Galactomannan (GM) is a heteropolysaccharide in the cell walls of most Aspergillus and Penicillium species. Cross-reactivity of Cryptococcus neoformans galactoxylomannan in an Aspergillus GM test has also been reported. In this study, we used a Platelia Aspergillus enzyme immunoassay kit (Bio-Rad) to test serum samples obtained from 48 human immunodeficiency virus (HIV)-infected patients (15 with penicilliosis [7 with fungemia alone, 4 with cavitary lung lesions alone, 3 with both fungemia and cavitary lung lesions, and 1 with disseminated disease], 22 with cryptococcosis [11 with fungemia alone, 5 with cavitary lung lesions, 3 with both, and 3 with meningitis alone], and 11 without any invasive fungal infection [control]) for GM levels. None of the patients had aspergillosis or concurrent use of piperacillin-tazobactam or amoxicillin-clavulanate. The median time between diagnosis of fungal infection and collection of serum samples was 0 days for penicilliosis and 1.5 days for cryptococcosis. Of patients with penicilliosis, cryptococcosis, and controls, 73.3%, 13.6%, and 9%, respectively, had GM optical density (OD) indices of >0.5 (P = 0.0001). GM OD indices were higher for penicilliosis (median OD index, 4.419; range, 0.158 to >20) than for cryptococcosis (median, 0.247; range, 0.112 to 3.849) cases (P < 0.001). Patients with fungemic penicilliosis had higher OD indices (median, 10.628; range, 0.401 to >20) than patients with nonfungemic penicilliosis (median, 0.378; range, 0.158 to 4.419) and patients with cryptococcemia (median, 0.231; range, 0.112 to 1.168) (P < 0.001). Of the 15 patients with cavitary lung lesions, those with penicilliosis had higher antigen levels (median OD index, 1.641; range, 0.247 to >20) than those with cryptococcosis (median, 0.227; range, 0.112 to 3.849) (P = 0.011). This study showed that the GM OD index was significantly elevated for HIV patients with penicilliosis. The use of the GM antigen assay may facilitate earlier diagnosis of Penicillium marneffei infection for HIV-infected patients in areas of endemicity.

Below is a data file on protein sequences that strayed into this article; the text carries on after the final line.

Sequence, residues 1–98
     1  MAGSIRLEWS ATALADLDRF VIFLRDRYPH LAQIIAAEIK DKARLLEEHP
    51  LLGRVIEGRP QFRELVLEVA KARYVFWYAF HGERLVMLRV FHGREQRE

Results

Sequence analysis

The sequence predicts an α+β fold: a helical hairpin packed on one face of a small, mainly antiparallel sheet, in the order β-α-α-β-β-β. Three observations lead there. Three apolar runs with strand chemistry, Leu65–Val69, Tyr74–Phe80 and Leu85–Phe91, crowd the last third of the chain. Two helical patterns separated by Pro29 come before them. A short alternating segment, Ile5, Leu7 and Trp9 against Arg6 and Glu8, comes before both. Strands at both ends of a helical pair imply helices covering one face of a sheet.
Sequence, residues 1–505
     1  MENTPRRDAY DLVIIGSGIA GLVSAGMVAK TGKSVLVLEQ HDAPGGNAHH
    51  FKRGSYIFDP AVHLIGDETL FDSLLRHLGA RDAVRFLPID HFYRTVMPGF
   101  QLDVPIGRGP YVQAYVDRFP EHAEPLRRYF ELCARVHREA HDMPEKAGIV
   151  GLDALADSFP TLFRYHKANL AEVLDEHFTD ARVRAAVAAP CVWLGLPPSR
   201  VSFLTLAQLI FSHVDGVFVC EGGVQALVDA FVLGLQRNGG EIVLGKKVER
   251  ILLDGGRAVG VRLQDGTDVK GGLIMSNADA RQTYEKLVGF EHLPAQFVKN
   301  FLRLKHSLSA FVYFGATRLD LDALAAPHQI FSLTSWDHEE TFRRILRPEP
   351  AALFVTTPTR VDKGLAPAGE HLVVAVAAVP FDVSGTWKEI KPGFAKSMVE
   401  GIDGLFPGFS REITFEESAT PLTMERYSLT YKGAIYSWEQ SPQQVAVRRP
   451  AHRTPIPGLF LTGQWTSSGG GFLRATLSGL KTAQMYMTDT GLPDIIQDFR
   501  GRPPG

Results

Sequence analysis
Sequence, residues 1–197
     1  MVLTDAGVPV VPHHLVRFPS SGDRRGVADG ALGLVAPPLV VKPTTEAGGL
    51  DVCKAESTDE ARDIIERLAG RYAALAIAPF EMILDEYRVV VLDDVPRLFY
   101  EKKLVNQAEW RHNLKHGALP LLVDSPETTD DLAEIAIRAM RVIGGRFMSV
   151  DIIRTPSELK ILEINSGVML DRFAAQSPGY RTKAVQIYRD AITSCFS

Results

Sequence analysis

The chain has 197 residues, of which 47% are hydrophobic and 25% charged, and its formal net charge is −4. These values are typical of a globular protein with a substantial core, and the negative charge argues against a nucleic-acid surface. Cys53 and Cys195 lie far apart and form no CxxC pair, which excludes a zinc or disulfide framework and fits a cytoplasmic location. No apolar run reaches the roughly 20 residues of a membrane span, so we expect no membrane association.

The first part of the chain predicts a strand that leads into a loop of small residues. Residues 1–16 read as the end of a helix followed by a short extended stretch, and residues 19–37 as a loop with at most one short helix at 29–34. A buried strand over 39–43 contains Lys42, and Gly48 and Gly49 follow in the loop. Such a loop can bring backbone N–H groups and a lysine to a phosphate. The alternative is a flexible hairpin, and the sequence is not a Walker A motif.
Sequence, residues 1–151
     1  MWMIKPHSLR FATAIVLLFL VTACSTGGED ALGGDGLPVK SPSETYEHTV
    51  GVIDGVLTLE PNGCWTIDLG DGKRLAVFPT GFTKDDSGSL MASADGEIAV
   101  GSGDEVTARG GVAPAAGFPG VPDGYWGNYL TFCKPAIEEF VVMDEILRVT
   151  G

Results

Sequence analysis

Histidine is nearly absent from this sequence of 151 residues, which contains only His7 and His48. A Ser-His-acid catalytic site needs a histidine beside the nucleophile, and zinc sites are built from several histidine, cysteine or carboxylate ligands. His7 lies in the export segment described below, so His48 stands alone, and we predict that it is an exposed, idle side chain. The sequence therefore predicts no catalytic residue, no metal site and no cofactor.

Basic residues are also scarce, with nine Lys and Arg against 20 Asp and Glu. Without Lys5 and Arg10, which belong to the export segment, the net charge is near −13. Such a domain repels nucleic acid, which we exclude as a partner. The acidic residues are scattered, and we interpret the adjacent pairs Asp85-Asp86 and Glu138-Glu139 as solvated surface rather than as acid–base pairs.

PMCID: PMC2045252  PMID: 17596363
19.  Assessment of Candida glabrata Strain Relatedness by Pulsed-Field Gel Electrophoresis and Multilocus Sequence Typing▿  
Journal of Clinical Microbiology  2007;45(8):2452-2459.
In this study, 80 Candida glabrata isolates from intensive care unit and human immunodeficiency virus (HIV)-infected patients were typed by multilocus sequence typing (MLST), pulsed-field gel electrophoresis (PFGE), and mating type class determination. Among the 25 patients with multiple isolates, 19 patients (76%) contained multiple isolates exhibiting identical or highly related PFGE and MLST genotypes, which may indicate the maintenance or microvariation of one C. glabrata strain in each patient. However, isolates from six patients (24%) displayed different sequence types, PFGE genotypes, or mating type classes, which may indicate colonization with more than one clone over time or strain replacement. High correlations among PFGE genotypes, sequence types, and mating types were found (P < 0.01). MLST exhibited less discriminatory power than PFGE with BssHII. The genotypes, sequence types, and mating type classes were independent of anatomic sources, drug susceptibility, and HIV infection status.
PMCID: PMC1951215  PMID: 17553975
20.  Brain Abscess Associated with Multidrug-Resistant Capnocytophaga ochracea Infection▿